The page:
I’d love to speak with you about my qualifications and what I can do for your team. I’ve attached my resume for your consideration. Please don’t hesitate to contact me on my cell at 555-555-5555 with questions or to arrange an interview.
Signature (hard copy letter)
Job Application Email Example
Subject Line: George Woo – Editorial Assistant
Dear Ms. Cortez,
I was excited when Ada Wilson told me that you were looking for an editorial assistant with a background in rights and research and a passion for digital media. She suggested that I throw my hat in the ring, and I’d love the opportunity to tell you more about what I can offer your team.
I’ve interned for Ada’s team for the past three summers, developing extensive experience with the rights and research process. Last year, I was instrumental in securing the rights to include Sara Frey’s poems in our digital anthology – a first for an online publisher, according to Ms. Frey’s estate.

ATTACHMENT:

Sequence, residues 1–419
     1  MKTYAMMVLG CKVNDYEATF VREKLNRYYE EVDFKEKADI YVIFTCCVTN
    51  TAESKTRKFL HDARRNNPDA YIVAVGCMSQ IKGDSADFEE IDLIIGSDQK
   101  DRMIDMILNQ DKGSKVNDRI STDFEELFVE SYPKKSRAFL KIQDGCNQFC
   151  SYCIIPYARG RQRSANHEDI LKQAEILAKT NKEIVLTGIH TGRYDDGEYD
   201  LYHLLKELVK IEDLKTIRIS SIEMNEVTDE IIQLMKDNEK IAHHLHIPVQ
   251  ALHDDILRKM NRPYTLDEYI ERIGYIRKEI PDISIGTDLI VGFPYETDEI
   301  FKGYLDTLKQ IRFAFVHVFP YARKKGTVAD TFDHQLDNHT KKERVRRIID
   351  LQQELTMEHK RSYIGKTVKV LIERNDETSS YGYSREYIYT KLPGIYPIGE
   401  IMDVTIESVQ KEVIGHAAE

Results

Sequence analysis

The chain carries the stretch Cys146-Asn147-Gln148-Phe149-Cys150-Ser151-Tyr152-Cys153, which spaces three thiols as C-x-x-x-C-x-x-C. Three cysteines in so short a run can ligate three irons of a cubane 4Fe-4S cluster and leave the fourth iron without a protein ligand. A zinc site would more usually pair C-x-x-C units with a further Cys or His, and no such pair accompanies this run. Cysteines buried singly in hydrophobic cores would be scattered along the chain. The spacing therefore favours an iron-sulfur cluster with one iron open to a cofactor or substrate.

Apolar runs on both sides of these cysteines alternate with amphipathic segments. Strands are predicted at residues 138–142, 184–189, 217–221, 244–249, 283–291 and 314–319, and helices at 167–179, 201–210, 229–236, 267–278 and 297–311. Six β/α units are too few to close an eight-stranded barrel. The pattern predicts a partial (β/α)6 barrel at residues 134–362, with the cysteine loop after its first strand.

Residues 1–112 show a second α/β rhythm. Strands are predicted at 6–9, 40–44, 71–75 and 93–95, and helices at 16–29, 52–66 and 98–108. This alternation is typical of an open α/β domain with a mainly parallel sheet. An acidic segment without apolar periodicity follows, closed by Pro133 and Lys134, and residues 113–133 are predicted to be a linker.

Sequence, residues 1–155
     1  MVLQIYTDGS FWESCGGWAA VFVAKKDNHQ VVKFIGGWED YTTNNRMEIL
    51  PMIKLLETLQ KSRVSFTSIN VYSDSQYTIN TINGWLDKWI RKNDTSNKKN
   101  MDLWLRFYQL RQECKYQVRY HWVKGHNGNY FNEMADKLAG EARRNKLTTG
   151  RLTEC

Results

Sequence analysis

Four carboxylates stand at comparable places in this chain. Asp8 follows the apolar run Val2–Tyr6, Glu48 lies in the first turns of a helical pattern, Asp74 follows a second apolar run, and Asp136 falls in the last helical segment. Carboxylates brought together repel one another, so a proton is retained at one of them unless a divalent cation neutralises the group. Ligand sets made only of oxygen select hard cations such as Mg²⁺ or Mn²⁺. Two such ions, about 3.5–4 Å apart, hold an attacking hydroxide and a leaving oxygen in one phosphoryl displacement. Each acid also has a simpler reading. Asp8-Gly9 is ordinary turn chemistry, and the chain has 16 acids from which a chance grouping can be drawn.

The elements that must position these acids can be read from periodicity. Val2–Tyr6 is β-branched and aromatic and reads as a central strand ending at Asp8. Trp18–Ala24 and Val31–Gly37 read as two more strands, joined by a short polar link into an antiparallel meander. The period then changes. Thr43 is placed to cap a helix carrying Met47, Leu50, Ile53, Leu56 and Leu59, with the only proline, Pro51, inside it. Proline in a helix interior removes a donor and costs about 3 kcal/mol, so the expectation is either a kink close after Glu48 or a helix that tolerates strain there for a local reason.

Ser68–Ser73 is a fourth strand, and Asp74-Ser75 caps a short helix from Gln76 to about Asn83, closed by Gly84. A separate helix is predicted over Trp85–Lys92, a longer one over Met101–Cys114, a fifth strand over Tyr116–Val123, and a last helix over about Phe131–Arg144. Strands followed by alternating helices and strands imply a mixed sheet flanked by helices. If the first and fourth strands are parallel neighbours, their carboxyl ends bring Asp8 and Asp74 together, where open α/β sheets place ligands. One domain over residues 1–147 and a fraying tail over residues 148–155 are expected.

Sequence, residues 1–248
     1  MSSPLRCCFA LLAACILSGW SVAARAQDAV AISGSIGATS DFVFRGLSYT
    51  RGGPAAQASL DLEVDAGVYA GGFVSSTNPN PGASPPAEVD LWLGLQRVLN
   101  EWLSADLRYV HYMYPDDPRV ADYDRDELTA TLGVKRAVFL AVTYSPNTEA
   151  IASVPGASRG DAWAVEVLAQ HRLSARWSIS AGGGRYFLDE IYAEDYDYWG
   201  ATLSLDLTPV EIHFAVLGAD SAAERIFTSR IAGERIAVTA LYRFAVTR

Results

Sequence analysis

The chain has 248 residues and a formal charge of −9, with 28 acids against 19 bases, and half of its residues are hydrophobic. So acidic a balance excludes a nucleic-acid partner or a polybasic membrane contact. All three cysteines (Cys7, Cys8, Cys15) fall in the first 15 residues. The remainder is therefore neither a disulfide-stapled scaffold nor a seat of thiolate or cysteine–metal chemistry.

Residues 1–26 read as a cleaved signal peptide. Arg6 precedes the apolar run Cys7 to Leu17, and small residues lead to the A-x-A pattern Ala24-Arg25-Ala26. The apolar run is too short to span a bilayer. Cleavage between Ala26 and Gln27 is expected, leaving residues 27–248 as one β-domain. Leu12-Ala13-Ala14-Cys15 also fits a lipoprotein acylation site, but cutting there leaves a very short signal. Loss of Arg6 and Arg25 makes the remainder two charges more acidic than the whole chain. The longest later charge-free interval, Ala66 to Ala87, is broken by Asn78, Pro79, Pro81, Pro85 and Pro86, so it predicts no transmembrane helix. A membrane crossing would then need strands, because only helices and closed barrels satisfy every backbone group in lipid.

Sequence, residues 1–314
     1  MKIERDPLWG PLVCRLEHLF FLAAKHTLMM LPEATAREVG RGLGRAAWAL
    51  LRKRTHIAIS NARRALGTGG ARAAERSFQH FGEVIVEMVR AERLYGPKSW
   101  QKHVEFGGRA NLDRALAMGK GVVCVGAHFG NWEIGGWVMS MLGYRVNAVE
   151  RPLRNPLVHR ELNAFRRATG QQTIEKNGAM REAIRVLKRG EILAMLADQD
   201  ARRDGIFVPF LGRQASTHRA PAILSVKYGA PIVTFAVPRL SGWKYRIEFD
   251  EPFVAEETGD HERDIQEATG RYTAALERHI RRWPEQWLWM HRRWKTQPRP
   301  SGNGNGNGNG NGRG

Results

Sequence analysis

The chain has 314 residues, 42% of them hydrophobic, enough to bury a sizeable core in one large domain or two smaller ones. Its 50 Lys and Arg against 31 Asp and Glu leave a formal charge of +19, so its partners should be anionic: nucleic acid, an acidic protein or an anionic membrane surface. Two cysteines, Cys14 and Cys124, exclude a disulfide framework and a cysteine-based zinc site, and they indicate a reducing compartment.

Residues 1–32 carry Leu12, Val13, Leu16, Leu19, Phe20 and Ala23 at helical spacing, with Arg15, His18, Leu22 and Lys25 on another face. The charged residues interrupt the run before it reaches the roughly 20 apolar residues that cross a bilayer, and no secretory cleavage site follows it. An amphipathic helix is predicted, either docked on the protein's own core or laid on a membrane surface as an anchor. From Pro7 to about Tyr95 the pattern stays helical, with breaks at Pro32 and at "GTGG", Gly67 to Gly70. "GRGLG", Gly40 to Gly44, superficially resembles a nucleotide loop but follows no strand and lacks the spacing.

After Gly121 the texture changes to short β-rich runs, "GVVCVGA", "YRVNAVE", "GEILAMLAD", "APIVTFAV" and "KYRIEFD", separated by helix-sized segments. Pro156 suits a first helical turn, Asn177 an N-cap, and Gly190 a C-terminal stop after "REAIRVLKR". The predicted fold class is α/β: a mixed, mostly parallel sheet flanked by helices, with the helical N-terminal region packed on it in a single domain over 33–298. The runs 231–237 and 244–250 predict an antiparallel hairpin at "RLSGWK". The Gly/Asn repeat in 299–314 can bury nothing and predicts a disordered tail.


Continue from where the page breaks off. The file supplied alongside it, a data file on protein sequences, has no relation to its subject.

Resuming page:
I also have:
- Expertise with most popular content management systems, including WordPress
- Analytics knowledge, including expert-level facility with Google Analytics
- A strong work ethic and commitment to meeting deadlines
I hope you’ll reach out at your convenience to tell me more about your team’s goals and needs for the coming year. You can reach me on my cell at 555-123-4567 or via email at George.Woo@email.com.
How to Get Your Application Noticed
Don’t copy your resume: Your job application letter is a sales pitch. Don’t regurgitate your resume; instead, use this document to sell the hiring manager on your skills.
Tailor your application letter to the job: Match your skills and qualifications to the job description, highlighting those that make you an ideal candidate.
Be professional: Use business letter format and be sure to proofread your letter before you send.